Alt.freemasonry is intended for general discussion of Masonry
and related topics.  Almost any question regarding Masonry is
welcome there.  Both Masons and non-Masons are welcome.

(7) What is alt.masonic.members for?
    
Alt.masonic.members is intended to be a home for USENET Masons
to talk about the Craft, though non-Masons are welcome to
participate.  The focus in a.m.m., however, is on discussion
among people already familiar with Masonry or people who are
Masons, so questions about becoming a Mason or what the York
Rite is would be inappropriate (feel free to post such questions
in alt.freemasonry instead).

Of course, neither newsgroup (or the mailing list) is considered
Tiled and non-Masons read both regularly, so Brothers should not
post anything that they would not normally discuss with
non-Masons.

Discussion on Co-Masonry (a form of Masonry which includes both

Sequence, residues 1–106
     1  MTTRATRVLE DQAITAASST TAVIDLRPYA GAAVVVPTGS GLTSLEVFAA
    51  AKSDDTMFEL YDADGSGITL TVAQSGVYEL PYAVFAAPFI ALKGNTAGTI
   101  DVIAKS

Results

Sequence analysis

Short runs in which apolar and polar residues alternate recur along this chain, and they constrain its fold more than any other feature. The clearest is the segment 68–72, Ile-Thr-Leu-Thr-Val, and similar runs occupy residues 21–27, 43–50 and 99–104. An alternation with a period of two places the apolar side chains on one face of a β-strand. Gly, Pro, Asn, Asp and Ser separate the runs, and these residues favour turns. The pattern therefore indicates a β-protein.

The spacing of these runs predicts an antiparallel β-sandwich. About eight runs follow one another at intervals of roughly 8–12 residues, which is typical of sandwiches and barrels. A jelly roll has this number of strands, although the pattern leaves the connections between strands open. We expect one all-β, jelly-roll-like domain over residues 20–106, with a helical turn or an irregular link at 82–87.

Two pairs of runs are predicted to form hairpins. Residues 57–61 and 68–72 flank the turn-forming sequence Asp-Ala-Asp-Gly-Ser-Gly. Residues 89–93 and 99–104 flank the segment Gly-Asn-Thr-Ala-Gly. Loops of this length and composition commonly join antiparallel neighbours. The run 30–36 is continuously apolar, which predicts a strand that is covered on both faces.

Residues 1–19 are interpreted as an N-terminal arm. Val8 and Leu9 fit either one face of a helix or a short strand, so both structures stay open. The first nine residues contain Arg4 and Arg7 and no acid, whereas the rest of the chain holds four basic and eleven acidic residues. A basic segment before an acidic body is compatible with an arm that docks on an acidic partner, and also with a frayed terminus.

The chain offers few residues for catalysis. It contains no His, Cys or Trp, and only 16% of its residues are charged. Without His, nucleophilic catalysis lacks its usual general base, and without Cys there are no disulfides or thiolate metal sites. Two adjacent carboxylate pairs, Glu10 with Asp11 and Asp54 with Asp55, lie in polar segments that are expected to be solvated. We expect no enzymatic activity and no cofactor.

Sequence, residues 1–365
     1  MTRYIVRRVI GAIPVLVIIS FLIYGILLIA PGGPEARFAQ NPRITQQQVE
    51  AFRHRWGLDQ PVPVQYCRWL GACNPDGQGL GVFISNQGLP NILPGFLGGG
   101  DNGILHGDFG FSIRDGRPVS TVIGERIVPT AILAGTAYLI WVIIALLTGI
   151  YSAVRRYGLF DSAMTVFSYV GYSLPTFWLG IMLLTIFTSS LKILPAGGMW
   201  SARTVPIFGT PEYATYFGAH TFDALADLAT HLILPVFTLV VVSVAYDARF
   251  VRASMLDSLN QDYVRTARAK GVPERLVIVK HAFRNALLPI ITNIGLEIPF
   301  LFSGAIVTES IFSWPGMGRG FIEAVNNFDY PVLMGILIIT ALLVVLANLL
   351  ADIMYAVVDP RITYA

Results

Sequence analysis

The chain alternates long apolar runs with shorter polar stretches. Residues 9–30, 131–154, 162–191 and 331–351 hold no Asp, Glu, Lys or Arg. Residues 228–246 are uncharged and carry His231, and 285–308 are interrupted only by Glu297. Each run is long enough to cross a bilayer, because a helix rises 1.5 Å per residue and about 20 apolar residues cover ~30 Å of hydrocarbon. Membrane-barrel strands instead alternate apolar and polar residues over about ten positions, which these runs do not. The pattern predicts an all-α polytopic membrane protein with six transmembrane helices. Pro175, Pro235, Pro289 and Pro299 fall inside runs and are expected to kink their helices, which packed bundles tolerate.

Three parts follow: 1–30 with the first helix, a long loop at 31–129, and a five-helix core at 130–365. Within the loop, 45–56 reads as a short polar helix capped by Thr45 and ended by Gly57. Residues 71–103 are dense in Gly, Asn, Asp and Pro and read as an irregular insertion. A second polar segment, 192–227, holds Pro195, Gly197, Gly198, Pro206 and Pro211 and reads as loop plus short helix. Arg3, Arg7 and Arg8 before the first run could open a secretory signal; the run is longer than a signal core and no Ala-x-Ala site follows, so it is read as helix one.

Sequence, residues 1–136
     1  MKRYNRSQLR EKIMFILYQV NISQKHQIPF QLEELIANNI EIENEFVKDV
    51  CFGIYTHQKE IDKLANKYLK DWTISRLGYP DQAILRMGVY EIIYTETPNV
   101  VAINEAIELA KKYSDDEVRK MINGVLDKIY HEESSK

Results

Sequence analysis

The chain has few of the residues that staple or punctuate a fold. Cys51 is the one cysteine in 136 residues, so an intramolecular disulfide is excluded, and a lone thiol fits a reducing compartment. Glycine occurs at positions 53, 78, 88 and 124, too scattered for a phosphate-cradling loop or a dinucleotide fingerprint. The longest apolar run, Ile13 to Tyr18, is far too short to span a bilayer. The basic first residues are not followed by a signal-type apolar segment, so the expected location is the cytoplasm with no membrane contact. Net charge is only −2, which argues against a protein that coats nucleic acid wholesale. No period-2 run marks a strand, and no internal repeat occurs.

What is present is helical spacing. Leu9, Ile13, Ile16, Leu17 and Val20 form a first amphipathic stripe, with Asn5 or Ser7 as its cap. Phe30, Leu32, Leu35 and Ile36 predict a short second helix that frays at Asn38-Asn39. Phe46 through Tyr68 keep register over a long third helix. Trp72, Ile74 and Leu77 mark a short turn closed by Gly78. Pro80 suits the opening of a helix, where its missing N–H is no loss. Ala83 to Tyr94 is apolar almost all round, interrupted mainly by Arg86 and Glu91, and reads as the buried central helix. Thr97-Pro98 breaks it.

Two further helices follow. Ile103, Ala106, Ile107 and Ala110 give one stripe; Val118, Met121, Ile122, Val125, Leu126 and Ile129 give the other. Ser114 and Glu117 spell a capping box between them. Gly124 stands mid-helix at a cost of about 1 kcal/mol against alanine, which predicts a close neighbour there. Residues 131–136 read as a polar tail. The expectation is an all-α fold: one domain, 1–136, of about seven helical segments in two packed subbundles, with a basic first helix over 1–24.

men and women) is welcome in either a.f or a.m.m.

(8) What is alt.masonic.demolay for?

A.m.d. is for discussion regarding DeMolay (shocker, huh?)  See
III, 6 if you don't know what DeMolay is.

(9) Hey!  Somebody just posted some nonsense about how Masons
worship Satan and sell their soul to the Reverend Moon!  What
should I do about it?

Periodically, someone will post obvious flame-bait on one of the
Masonic newsgroups.  Masons who read the newsgroup obviously
want to post and rebut these false claims.  However, keep in
mind that a single bit of bait that takes 30 seconds to write
("Masons are all KKK members!") can consume hours of time in